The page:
best natural foods

Soy protein isolate - what's wrong?

What's wrong with soy protein isolate, a person once asked on a vegan forum. He knew that "some people don't think it's healthy" but could not understand why.

The first few reponses were all in praise of the substance. "No fat, no fibre, but best of all no need to cook it..." one person wrote. Another added that he / she had been taking soy protein isolate every morning - as a soy smoothie - for a few months and had not experienced any problems.

Then someone posted a YouTube video by Dr John McDougall, a medical doctor and author of several health books that advocate a vegetarian / vegan diet, which, for many people, would include fair amounts of soy products.

The discussion took a dramatic U-turn. The next person wrote: "Wow. Interesting stuff. That's me not taking it again." The one after had just one word to express disappointment: "Rats."

So what did Dr John McDougall say? For the most part of his lecture, he was actually talking about the harm of cow's milk and other dairy products.

He talked about Insulin-like Growth Factor 1 (IGF-1), a powerful growth hormone and noted that it is associated with shorter lifespans. For example, small animals and small-built people (I think of ex-Chinese leader Deng Xiaoping) tend to lead longer lives.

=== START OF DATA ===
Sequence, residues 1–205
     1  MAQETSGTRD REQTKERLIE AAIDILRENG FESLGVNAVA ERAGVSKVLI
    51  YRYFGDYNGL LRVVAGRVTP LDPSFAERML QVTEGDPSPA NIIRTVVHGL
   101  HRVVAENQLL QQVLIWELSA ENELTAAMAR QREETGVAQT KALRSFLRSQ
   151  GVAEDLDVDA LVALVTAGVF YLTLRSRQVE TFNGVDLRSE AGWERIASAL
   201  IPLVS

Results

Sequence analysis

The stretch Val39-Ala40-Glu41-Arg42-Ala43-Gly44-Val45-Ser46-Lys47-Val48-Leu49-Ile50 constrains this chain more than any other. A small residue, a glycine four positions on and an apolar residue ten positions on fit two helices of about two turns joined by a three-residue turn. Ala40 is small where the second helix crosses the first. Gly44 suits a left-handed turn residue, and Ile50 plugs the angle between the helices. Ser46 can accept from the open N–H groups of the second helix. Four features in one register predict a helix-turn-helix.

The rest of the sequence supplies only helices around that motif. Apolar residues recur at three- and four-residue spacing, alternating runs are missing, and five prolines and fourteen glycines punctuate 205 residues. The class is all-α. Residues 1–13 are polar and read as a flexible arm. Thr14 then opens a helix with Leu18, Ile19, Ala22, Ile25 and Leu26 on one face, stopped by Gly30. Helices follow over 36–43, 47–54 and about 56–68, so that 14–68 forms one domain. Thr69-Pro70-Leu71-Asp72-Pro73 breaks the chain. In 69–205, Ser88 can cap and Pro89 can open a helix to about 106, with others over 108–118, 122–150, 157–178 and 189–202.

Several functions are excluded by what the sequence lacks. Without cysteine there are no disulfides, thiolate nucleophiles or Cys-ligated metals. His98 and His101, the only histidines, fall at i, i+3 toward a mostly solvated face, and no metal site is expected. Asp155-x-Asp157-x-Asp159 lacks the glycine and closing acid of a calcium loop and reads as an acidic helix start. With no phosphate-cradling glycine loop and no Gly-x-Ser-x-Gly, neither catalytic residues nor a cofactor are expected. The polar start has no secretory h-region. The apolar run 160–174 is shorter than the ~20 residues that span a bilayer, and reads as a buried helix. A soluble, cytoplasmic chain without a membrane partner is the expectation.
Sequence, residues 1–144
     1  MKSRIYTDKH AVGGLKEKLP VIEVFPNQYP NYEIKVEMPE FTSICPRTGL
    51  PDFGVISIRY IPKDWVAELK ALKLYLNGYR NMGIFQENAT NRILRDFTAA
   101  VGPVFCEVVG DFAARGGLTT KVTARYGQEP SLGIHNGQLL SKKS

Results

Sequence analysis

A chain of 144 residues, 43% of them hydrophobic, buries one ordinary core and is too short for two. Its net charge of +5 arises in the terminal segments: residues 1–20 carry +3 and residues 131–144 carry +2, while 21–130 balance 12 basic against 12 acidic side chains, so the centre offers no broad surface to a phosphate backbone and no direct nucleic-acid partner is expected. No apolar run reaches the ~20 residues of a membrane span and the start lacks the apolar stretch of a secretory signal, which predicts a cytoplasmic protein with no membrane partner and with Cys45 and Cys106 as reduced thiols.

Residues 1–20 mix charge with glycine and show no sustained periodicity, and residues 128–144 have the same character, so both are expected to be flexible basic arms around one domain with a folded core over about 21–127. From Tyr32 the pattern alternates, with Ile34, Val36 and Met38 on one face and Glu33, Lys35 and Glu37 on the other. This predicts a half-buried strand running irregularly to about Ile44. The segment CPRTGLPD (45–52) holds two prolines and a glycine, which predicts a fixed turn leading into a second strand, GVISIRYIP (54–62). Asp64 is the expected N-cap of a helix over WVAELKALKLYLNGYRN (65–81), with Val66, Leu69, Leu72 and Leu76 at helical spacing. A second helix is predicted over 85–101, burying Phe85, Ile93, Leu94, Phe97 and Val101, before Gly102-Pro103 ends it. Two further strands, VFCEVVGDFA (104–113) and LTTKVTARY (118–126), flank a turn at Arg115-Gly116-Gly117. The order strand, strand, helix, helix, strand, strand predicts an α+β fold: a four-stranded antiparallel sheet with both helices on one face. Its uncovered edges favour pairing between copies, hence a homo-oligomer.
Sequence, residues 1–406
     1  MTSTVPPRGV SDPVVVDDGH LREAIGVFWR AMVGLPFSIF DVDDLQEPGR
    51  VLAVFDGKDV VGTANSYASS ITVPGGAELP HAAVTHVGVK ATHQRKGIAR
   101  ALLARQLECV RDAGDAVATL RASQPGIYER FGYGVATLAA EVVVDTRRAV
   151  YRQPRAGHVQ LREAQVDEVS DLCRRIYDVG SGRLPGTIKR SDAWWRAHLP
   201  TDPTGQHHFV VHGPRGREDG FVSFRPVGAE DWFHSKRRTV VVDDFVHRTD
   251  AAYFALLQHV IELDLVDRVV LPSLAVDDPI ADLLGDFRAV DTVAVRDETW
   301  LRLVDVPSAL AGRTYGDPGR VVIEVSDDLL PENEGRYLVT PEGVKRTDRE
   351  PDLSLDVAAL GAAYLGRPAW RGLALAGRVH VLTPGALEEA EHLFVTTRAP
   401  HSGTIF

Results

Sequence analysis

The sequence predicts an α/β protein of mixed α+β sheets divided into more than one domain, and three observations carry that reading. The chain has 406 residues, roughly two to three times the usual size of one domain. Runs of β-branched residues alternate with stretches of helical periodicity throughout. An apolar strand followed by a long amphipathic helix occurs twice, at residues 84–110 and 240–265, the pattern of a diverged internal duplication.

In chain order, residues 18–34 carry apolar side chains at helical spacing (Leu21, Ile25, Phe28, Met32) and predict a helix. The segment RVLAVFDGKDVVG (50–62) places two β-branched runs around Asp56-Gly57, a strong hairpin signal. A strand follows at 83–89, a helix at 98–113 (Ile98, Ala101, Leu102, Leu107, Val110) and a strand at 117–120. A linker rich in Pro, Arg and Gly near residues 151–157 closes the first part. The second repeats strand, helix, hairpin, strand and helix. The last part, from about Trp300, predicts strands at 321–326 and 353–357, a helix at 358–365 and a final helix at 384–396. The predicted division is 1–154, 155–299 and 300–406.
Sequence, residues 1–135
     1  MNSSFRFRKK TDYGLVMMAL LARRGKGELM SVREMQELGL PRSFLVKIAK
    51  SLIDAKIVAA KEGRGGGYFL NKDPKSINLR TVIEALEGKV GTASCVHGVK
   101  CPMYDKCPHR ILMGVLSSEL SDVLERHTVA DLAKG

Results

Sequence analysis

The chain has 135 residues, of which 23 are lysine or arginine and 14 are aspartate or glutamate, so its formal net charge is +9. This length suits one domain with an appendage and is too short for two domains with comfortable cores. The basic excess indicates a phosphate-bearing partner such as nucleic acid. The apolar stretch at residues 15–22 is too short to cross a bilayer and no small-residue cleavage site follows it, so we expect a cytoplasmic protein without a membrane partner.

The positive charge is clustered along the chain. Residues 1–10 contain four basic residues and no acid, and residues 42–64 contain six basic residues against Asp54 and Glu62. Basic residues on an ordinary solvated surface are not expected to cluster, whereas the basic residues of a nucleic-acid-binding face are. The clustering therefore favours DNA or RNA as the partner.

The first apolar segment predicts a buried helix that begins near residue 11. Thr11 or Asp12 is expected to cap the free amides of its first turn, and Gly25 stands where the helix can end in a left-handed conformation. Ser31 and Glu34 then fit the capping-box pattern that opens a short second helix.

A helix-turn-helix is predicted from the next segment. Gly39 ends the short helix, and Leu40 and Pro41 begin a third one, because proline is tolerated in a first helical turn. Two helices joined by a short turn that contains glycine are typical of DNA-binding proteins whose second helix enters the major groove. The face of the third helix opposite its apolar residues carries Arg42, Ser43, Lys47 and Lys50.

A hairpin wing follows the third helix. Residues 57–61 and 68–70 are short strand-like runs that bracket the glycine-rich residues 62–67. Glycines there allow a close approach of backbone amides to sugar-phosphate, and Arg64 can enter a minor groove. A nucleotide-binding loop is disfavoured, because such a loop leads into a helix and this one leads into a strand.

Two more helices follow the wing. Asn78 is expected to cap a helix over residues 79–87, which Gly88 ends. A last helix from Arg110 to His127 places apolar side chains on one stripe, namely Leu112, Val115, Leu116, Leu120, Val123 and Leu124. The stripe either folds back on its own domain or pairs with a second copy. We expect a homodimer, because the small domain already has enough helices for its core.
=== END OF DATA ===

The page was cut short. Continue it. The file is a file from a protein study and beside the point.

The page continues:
Dr John McDougall further pointed out that IGF-1 promotes ALL forms of growth, including the growth of cancer cells. He cited scientific studies that showed dairy protein increased IGF-1 activity in the body much more than, say, meat protein.

Then came the shocker. Near the end of his lecture, Dr John McDougall presented scientific evidence that soy protein isolate was twice as powerful as milk protein in increasing IGF-1 activity. As little as 40 grams of this soy protein increases IGF-1 activity by 69 percent, compared with 36 percent from an equivalent amount of milk protein.

How much is 40 grams? Not much. It might come from one soy-based "chicken" patty and two soy burgers, or one soy candy bar and a glass of soy "milkshake". These are commonly regarded as "healthy foods". Dr John McDougall had himself eaten such foods regularly in the past. He realised his mistake and is now telling others not to repeat it.

The above incidents show how people can ignorant and easily misguided people can be. The few people who initially responded to the forum question simply assumed that soy protein isolate is healthy and safe - just because they had been taking it for a few months without adverse effects.

Back in the 1990s, when I first discovered textured vegetable protein (TVP) - which is made from soy flour and soy concentrate, products similar to soy protein isolate - I also just assumed that it is healthy. After all it is a vegetarian product and the thought that a vegetarian food might be unhealthy never crossed my mind.

I did not question. Even a learned doctor and health writer like Dr John McDougall also initially did not question. So let's ask a few questions, like:

Some of the answers may surprise you!

An industrial (waste) product

Soy protein isolate is described (in a Wikipedia article) as "a highly refined or purified form of soy protein with a minimum protein content of 90 percent on a moisture-free basis."